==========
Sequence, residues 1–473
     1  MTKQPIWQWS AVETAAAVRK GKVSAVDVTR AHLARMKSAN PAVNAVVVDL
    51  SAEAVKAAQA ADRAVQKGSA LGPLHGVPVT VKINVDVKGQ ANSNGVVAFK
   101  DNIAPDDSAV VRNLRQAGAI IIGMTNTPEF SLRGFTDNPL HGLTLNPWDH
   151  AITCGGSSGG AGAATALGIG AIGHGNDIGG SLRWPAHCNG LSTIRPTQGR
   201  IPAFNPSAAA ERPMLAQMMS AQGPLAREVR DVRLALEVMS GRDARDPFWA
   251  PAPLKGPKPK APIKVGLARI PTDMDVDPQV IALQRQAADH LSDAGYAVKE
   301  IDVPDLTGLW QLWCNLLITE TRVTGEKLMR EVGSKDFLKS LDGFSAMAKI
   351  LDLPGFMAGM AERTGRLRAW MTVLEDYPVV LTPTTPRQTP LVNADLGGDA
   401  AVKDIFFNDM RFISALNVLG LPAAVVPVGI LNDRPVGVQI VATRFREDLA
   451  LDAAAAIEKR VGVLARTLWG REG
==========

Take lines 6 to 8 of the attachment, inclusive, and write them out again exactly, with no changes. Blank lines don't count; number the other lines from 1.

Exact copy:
   201  IPAFNPSAAA ERPMLAQMMS AQGPLAREVR DVRLALEVMS GRDARDPFWA
   251  PAPLKGPKPK APIKVGLARI PTDMDVDPQV IALQRQAADH LSDAGYAVKE
   301  IDVPDLTGLW QLWCNLLITE TRVTGEKLMR EVGSKDFLKS LDGFSAMAKI